In DiGeronimo Aggregates, LLC v. Zemla, No. 12-2095 (6th Cir. Aug. 14, 2014), the plaintiff, an employer who contributes to a multiemployer pension plan governed by ERISA, filed a complaint against defendants, the trustees of that plan, alleging that they negligently managed the plan, causing plaintiff to suffer an increased withdrawal liability when a majority of contributing employers withdrew from the plan. The district court granted defendants’ Rule 12(b)(6) motion to dismiss, holding that there was no substantive basis for plaintiff’s negligence claim in any section of ERISA or under the federal common law.
After reviewing the case, the Sixth Circuit Court of Appeals (the “Court”) said that it agreed with the district court. The plaintiff brings a claim of negligence. The Court said that, acknowledging that a negligence claim is not authorized by any section of ERISA, the plaintiff urges us to utilize our lawmaking powers under the federal common law to create a new negligence claim in favor of contributing employers.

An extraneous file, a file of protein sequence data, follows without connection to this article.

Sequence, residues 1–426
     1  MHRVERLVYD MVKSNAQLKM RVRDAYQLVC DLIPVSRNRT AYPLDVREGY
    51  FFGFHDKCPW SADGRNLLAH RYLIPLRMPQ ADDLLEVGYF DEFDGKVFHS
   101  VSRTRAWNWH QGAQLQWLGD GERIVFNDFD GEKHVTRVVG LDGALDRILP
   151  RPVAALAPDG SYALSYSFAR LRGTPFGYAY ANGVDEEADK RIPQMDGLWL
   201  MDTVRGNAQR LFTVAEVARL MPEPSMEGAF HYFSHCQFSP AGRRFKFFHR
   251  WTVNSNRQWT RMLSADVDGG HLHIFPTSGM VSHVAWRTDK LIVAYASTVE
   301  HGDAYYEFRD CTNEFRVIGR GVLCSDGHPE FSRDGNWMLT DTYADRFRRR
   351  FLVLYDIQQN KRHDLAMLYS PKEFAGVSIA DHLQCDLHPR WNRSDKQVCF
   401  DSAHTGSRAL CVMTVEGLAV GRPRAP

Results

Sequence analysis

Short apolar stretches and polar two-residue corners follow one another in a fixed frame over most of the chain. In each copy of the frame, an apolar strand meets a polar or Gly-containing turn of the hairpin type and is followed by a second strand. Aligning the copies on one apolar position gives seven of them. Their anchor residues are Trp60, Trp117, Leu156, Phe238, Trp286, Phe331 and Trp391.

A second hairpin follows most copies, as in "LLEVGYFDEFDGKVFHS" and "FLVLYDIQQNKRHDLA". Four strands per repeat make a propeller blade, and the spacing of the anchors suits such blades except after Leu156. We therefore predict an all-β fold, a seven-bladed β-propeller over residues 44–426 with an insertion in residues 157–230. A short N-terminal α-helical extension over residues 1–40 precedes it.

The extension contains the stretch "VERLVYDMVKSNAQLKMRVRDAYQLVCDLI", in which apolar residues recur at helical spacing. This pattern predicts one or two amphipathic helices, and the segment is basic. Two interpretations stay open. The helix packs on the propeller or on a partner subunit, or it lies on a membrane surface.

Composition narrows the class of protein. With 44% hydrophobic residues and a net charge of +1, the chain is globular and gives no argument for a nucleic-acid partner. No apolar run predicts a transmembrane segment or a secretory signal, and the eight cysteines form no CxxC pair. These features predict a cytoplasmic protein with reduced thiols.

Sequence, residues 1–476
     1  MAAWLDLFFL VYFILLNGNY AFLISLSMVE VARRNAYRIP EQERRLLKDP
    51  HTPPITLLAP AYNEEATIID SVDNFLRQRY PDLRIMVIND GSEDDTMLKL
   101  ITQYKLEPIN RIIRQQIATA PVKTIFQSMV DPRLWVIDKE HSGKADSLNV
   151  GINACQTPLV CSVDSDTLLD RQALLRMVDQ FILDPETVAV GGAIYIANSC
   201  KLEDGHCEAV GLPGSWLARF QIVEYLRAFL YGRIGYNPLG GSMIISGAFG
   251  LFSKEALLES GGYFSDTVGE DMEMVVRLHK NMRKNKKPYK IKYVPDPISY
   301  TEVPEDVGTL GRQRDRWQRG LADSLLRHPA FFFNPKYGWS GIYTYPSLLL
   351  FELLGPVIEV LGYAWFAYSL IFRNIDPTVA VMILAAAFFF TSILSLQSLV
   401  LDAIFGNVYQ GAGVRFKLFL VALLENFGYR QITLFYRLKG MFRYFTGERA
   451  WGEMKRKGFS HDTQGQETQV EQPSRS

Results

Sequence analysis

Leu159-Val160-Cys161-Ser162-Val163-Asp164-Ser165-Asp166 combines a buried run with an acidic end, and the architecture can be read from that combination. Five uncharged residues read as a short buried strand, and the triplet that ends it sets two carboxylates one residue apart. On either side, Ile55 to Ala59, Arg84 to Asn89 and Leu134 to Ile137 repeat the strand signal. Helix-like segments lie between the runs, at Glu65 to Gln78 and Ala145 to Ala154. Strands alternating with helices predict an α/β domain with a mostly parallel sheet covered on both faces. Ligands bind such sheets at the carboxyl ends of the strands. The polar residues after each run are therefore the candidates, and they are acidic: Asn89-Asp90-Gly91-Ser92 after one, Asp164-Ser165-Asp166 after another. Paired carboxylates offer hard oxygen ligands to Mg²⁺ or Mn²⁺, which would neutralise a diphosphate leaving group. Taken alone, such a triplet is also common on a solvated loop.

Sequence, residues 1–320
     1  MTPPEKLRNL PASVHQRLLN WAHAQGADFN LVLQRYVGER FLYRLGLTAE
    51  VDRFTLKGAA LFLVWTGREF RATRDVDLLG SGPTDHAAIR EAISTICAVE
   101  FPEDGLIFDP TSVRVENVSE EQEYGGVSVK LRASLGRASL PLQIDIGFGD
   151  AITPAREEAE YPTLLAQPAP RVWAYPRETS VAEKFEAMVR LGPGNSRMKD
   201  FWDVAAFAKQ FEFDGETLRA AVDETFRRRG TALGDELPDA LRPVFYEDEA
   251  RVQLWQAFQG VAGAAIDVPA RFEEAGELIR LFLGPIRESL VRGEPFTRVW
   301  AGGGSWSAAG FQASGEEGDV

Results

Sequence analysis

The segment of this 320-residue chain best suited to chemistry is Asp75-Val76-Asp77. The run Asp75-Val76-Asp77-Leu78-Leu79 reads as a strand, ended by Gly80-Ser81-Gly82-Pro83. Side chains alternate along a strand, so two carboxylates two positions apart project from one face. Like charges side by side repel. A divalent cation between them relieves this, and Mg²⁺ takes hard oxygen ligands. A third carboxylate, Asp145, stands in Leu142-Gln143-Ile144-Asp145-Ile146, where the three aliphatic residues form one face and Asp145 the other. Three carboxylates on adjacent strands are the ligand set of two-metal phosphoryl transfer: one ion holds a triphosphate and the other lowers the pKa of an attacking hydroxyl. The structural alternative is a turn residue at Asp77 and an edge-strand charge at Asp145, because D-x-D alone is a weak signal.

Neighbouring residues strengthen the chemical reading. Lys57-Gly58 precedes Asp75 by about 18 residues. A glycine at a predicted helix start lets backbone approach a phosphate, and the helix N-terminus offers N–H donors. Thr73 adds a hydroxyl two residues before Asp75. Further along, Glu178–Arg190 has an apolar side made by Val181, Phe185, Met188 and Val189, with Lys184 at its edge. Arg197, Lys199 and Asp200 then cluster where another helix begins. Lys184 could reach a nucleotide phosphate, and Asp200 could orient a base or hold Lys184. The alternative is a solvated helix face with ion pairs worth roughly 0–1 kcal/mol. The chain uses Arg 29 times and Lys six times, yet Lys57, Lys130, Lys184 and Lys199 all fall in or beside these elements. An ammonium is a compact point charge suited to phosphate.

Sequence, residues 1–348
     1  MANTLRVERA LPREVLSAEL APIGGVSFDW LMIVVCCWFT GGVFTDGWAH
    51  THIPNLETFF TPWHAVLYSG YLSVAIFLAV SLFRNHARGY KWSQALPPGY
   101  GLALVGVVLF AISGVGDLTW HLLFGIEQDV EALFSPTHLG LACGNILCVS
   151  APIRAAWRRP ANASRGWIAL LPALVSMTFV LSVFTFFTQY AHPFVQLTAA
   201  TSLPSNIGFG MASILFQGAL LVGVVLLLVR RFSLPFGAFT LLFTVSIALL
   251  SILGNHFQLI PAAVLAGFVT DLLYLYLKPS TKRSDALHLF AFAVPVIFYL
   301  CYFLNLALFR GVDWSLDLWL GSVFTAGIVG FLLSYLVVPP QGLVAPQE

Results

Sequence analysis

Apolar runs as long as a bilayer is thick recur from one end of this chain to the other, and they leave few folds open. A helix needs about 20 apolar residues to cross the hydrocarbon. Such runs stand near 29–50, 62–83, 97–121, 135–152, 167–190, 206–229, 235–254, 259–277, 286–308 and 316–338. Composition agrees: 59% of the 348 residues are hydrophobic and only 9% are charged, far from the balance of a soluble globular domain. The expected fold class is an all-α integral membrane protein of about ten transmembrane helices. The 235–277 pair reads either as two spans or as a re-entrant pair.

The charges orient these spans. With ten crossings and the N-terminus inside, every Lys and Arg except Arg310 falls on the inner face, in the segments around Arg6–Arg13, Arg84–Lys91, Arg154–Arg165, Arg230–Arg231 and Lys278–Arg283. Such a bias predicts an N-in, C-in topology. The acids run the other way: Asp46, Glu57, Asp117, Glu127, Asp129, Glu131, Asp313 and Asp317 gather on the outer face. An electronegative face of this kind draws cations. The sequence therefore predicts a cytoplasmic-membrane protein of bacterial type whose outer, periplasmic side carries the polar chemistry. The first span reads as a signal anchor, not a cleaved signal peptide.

The Court said, further, that is has previously held that the Court’s authority to create federal common law in this area is restricted to instances in which: (1) ERISA is silent or ambiguous; (2) there is an awkward gap in the statutory scheme; or (3) federal common law is essential to the promotion of fundamental ERISA policies. Here, none of these conditions are met. Rather, because Congress has established an extensive statutory framework and expressly announced its intention to occupy the field of private-sector pensions, and because the Court does not lightly create additional rights under the federal common law given these circumstances, the Court concluded that a contributing employer to a multiemployer pension plan has no cause of action against plan trustees for negligent management under the federal common law of ERISA pension plans. As such, the Court affirmed the district court’s judgment.